‘Cru­cially, its pop­u­la­tion is young and ex­pand­ing, the sin­gle big­gest fac­tor for growth’

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in those sup­ply-side re­forms – they are po­ten­tially a huge plus for pro­duc­tiv­ity gains be­cause they are meant to make it eas­ier for bor­row­ers to get credit, to get con­nected, and to make that work­force even more open and flex­i­ble.”

Not ev­ery­one is happy, though, as so of­ten is the case when change rip­ples through so­ci­ety. For sev­eral months at the end of last year, there were protests from teach­ers who set up a tented camp in Zocalo (Con­sti­tu­tion Square) and blocked roads to the air­port. On at least one oc­ca­sion, there were vi­o­lent clashes as po­lice tried to dis­perse them with tear gas.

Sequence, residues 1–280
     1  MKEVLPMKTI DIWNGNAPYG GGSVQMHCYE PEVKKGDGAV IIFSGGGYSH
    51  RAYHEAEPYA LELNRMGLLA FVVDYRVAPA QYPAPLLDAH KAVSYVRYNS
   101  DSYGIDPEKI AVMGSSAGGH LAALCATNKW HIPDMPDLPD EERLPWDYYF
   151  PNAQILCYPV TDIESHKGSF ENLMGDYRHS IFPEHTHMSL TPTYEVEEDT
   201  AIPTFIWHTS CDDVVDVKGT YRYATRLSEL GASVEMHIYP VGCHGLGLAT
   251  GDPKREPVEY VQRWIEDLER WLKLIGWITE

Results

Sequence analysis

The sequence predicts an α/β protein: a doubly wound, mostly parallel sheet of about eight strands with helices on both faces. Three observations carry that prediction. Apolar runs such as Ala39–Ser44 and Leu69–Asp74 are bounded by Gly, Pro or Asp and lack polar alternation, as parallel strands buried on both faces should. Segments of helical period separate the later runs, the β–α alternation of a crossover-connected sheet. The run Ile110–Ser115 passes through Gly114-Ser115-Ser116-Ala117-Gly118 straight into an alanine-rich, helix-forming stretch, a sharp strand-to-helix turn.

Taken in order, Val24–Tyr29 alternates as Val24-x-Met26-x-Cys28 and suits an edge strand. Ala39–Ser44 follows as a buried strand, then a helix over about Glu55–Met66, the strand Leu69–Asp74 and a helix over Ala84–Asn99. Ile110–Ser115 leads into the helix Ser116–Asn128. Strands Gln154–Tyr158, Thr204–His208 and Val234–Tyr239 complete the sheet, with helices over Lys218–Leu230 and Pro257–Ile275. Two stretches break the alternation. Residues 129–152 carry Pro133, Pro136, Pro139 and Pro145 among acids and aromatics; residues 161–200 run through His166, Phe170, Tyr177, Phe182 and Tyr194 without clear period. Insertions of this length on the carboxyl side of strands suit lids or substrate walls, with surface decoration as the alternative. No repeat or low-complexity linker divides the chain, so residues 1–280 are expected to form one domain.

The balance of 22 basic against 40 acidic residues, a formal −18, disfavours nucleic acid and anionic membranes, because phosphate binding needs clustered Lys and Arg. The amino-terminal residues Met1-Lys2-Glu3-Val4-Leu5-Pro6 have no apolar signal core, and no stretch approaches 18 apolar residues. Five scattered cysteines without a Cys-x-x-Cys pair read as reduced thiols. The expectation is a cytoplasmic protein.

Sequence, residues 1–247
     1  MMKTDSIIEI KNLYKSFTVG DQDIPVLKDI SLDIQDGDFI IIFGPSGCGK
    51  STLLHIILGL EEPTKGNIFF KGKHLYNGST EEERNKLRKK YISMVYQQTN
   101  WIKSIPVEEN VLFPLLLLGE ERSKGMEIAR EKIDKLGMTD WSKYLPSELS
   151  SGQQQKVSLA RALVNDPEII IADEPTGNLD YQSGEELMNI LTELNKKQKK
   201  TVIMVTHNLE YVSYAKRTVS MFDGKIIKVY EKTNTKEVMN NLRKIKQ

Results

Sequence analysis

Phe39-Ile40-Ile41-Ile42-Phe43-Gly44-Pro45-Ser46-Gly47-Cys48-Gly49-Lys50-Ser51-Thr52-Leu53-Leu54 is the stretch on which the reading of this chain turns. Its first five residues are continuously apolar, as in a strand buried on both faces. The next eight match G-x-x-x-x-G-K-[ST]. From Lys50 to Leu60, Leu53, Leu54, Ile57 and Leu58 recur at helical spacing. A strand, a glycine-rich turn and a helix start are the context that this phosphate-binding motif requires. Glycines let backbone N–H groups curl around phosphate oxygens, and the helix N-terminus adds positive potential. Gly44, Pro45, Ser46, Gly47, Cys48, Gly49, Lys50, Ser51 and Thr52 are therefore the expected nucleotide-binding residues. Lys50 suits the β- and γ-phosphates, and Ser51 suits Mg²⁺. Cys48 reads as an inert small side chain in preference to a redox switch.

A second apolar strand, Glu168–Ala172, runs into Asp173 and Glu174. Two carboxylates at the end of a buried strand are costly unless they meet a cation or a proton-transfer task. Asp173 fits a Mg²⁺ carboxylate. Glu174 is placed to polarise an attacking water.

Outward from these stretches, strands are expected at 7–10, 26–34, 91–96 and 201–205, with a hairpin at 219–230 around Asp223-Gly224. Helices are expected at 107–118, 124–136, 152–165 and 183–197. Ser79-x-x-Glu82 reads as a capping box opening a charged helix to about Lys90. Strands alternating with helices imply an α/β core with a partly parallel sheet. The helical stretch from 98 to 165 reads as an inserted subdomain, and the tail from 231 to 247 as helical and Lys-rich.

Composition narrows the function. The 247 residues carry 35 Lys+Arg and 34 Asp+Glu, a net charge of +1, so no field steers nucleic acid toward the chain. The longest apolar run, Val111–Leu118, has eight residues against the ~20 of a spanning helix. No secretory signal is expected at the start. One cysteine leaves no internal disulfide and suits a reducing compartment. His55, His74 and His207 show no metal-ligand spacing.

Still, for a spec­ta­tor, the re­forms – which have since gone through – seem rea­son­able. Teach­ing po­si­tions can no longer be bought, or in­her­ited by fam­ily mem­bers, and teach­ers will have to un­dergo sys­tem­atic eval­u­a­tions to en­sure they are up to the job.

Oil­ing the En­gine of Growth

Another ma­jor re­form is shak­ing up the en­ergy in­dus­try. Mex­ico is the world’s

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